In 1980, then-prime minister Pierre-Elliott Trudeau began the extensive course of drafting a constitution. Trudeau twice convened the premiers of provinces to work out an arrangement. The Parliament held a public consultation and heard close to 1,500 written and oral submissions. Finally, in 1982, the charter was passed with broad public support. The Supreme Court began shortly after reviewing legislation based on charter rights.

No real constitution in Israel

CONTRAST THIS with the supposed basis for constitutional review in Israel. Israel’s “constitution” was created by its Supreme Court. The Human Dignity and Liberty Basic Law was passed in 1992 by a minority of Knesset members and was preceded by very little public discussion or involvement. When the Basic Law was passed, chief justice Aharon Barak declared in the famous 1995 Mizrahi Decision that a “constitutional revolution” had occurred and that the Court could now strike down laws. One would be hard pressed to find another constitution whose birth was announced by the court.

Canada has many checks on its Supreme Court, which do not exist in Israel. In Canada, federal judges are appointed by the prime minister, in keeping with the overwhelming majority of democratic countries. In Israel, politicians are a minority of the selection committee, essentially giving the judges a veto over Supreme Court candidates.

In Canada, the attorney-general is a member of parliament and serves in parallel as the justice minister. He, and his civil servant deputy, serve at the pleasure of the prime minister, who can replace or fire them at will. Their powers are defined in the Constitution. By contrast, Israel’s attorney-general is appointed by a professional committee.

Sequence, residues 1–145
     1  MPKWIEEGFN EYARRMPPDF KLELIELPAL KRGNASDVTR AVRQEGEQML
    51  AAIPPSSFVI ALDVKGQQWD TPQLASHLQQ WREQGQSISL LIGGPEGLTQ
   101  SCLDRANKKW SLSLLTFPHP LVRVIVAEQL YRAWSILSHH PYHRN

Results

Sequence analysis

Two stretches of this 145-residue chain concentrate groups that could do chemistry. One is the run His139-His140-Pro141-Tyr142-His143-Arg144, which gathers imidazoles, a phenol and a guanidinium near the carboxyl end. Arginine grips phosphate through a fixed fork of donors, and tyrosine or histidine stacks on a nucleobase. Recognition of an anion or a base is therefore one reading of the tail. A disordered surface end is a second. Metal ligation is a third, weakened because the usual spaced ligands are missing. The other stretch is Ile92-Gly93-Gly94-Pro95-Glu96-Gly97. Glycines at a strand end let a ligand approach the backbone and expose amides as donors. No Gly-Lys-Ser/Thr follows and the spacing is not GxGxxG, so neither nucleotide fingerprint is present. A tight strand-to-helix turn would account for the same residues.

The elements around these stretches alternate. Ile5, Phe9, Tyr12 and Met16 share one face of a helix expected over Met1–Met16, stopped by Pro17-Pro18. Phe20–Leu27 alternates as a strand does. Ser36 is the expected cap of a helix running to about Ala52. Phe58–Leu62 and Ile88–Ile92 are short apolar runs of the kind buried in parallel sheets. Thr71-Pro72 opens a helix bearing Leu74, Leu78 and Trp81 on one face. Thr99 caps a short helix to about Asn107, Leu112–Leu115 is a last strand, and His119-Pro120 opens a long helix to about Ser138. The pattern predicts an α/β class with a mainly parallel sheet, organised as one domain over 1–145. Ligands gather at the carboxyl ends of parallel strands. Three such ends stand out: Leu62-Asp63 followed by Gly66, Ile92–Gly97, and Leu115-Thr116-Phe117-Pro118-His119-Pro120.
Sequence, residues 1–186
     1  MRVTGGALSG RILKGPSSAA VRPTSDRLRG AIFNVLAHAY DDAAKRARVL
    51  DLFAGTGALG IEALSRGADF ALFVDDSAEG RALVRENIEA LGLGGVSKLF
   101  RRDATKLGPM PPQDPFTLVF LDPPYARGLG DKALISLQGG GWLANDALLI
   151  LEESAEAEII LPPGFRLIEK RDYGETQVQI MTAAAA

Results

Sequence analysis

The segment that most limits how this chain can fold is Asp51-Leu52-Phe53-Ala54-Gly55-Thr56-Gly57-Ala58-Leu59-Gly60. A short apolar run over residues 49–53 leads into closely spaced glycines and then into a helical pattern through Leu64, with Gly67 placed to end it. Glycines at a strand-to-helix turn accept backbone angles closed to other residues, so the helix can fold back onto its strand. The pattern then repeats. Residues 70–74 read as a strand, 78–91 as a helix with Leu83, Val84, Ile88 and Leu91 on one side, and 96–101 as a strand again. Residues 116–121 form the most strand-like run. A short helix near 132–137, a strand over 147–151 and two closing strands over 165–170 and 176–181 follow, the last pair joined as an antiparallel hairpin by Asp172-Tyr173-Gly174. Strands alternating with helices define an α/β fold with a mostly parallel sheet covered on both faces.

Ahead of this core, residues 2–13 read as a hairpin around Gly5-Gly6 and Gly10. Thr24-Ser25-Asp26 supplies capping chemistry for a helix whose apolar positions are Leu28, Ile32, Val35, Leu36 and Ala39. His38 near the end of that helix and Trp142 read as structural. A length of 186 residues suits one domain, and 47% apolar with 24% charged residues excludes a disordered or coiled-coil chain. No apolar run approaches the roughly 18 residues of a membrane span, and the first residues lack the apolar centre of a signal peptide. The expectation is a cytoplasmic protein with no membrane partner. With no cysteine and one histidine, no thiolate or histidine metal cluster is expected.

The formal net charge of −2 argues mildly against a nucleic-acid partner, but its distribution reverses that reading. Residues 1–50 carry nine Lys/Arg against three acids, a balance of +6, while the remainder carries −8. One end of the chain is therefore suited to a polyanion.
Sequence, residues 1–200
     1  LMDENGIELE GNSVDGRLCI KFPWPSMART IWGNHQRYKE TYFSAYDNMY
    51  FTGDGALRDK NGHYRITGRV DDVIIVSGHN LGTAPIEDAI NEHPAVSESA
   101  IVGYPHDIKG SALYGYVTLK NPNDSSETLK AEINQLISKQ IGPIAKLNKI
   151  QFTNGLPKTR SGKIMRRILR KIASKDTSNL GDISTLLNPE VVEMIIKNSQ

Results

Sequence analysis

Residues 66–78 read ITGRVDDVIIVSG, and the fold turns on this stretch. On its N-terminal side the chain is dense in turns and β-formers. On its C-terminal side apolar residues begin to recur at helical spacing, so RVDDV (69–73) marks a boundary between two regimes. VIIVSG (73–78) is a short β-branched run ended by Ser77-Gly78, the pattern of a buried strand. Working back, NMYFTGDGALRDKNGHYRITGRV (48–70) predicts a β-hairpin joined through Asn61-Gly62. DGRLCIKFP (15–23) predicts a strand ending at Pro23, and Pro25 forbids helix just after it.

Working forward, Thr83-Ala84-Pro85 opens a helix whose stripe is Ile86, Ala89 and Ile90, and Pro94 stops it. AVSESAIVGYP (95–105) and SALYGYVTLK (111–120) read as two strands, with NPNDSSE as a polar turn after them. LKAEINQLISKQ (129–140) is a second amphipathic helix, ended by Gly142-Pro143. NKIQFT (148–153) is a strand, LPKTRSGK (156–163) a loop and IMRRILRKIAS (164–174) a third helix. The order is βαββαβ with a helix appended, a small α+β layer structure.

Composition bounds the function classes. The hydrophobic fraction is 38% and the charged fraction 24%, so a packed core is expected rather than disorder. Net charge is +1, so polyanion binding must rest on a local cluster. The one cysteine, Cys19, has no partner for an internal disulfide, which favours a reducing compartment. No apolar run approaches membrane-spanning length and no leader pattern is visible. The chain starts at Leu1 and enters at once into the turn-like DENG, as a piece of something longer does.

Several Supreme Court justices have ruled that his opinion is binding on the government, and he is the government’s exclusive representative before the courts. The courts and the legal advisers thus work in tandem to curtail government policies. Of course, these extremely significant powers are nowhere defined in law.

Finally, the Canadian Supreme Court accepts in principle that there are issues that are inappropriate for the courts to get involved in, namely issues of social, economic, and foreign policy. In Israel, “everything is justiciable.”

Israel is not Canada. Canada has a constitution and balances its court through political control of judicial and adviser appointments and has a legal culture of restraint. In Israel, the Supreme Court is the architect and arbitrator of the constitution. There are practically no institutional checks on the Supreme Court.

The override clause is therefore a compromise between the British model of parliamentary supremacy and the constitutional model. The court will continue to review legislation, yet the Knesset will have the final word in exceptional circumstances. This will strengthen, not hurt, Israeli democracy.

The writer is a lawyer, and a researcher in the Legal Department of the Kohelet Policy Forum.